Are You Adopted?

1

February 19, 2018

Ephesians 1:6-8

6 So we praise God for the glorious grace he has poured out on us who belong to his dear Son. 7 He is so rich in kindness and grace that he purchased our freedom with the blood of his Son and forgave our sins. 8 He has showered his kindness on us, along with all wisdom and understanding.

CONSIDER THIS

Every word, phrase, sentence, paragraph and page of Scripture abounds with revelation, which is to say it contains more substance and significance than we could ever extract from it. And yet we just keep moving on.

In some ways, for me, the Daily Text feels akin to that iconic scene from the old show, I Love Lucy, where Lucy and Ethel are tasked with putting wrappers on chocolate candies as they pass by on a conveyer belt. Like those chocolates, the texts just keep coming and I can’t keep up. (If you have an extra two minutes you can watch it here.)

Take for instance the incomprehensibly comprehensive phrase from v.3, “every spiritual blessing in the heavenly realms.” It could serve as a banner over the entire letter, as no sooner than he says it, Paul starts spinning them off with a velocity only matched by his alacrity (now there’s a good word).

As an example, consider this blessing we didn’t even acknowledge from v.5: “God decided in advance to adopt us . . .”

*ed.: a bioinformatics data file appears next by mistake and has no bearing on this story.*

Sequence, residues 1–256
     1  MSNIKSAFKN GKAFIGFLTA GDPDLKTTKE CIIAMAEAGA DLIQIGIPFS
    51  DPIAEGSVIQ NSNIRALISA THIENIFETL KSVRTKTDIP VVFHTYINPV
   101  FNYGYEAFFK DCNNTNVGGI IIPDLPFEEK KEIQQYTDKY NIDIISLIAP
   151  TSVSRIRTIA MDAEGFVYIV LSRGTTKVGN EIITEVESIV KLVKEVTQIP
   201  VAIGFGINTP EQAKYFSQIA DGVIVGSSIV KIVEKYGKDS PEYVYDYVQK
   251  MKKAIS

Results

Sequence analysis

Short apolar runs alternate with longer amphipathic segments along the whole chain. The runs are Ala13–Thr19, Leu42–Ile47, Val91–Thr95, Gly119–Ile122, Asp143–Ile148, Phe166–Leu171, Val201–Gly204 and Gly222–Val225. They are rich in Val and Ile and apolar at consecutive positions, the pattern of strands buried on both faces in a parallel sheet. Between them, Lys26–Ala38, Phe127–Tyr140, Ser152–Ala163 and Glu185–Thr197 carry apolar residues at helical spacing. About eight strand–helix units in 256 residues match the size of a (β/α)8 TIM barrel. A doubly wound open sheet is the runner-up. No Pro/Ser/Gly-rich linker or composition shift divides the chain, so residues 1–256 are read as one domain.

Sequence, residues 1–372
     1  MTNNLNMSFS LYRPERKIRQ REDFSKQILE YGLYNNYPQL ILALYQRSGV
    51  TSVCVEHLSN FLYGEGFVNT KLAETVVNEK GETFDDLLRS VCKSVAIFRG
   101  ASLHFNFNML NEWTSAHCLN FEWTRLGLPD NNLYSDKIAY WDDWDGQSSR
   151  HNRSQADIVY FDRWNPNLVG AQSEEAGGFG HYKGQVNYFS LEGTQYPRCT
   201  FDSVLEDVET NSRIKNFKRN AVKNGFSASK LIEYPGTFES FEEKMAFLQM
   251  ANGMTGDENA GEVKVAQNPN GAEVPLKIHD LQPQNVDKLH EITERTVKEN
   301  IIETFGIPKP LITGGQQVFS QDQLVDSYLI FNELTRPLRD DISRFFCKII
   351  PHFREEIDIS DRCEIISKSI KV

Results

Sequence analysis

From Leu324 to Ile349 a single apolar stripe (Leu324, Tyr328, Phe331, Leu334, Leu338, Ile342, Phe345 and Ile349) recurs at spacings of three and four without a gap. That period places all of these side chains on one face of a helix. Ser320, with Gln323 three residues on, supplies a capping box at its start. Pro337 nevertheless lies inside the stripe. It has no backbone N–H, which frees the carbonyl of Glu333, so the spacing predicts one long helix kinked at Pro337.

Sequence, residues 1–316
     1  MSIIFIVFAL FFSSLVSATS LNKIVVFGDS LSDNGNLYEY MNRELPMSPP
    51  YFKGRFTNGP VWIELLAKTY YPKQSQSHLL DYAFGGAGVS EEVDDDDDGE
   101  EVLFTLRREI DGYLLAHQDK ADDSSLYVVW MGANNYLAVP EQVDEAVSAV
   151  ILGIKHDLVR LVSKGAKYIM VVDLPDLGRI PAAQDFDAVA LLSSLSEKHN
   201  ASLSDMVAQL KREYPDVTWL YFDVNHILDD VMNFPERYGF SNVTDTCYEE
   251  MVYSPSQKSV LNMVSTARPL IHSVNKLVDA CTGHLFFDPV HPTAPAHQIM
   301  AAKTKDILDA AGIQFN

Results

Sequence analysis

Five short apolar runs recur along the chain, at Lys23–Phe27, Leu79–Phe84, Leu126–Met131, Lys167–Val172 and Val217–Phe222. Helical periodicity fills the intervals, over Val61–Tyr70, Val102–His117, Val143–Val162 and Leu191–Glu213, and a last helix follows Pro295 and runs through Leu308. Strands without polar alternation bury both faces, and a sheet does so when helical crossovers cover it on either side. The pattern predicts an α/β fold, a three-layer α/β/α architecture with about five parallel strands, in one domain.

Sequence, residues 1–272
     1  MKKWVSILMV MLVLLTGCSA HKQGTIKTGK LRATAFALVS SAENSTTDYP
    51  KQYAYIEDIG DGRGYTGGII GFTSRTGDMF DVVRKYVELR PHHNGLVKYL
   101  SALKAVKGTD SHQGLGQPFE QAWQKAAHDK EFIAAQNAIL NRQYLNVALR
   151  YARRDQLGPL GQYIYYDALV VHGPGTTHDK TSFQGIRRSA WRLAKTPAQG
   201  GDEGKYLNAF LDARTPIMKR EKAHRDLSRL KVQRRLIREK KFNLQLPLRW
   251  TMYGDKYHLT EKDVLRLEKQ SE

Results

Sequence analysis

Wait! Did he just say I was adopted? I guess every adopted kid finds out sooner or later. With the blessing of adoption comes the agony of facing the curse of abandonment. With every layer of discovered blessing comes the awareness of a deeper bereftness. You see, adoption here is not a metaphor for our relationship with God. It’s a literal reality.

The hard cold truth is God did not abandon us. We abandoned him, hiding in a forest of lies, covered in a cloak of impenetrable shame. And it remains our ingrained pattern to the present day. We aren’t bad, just broken. Here’s the deeper truth of adoption: we will discover our blessedness to the degree we face our brokenness. That’s where most all of us get stuck and why adoption is more of a concept we salute than a reality we savor.

Lately I have enjoyed observing from afar a young family on Instagram. They recently adopted a young girl who looks to be about ten years old. It’s stunning to see the way they are lavishing this girl with every possible blessing. She’s learning to dance and sing and really, to be a child. They want to take her everywhere and show her everything. It’s like they want her to know that everything they are and have now belongs to her because she now belongs to them.

That’s what salvation is; not a one-time transaction in a ledger in the sky somewhere but the unending full faith and credit of every spiritual blessing in the heavenly realms crashing through the invisible barriers that separate us from God and each other, invading the old order with a newness that never loses its resplendent sheen.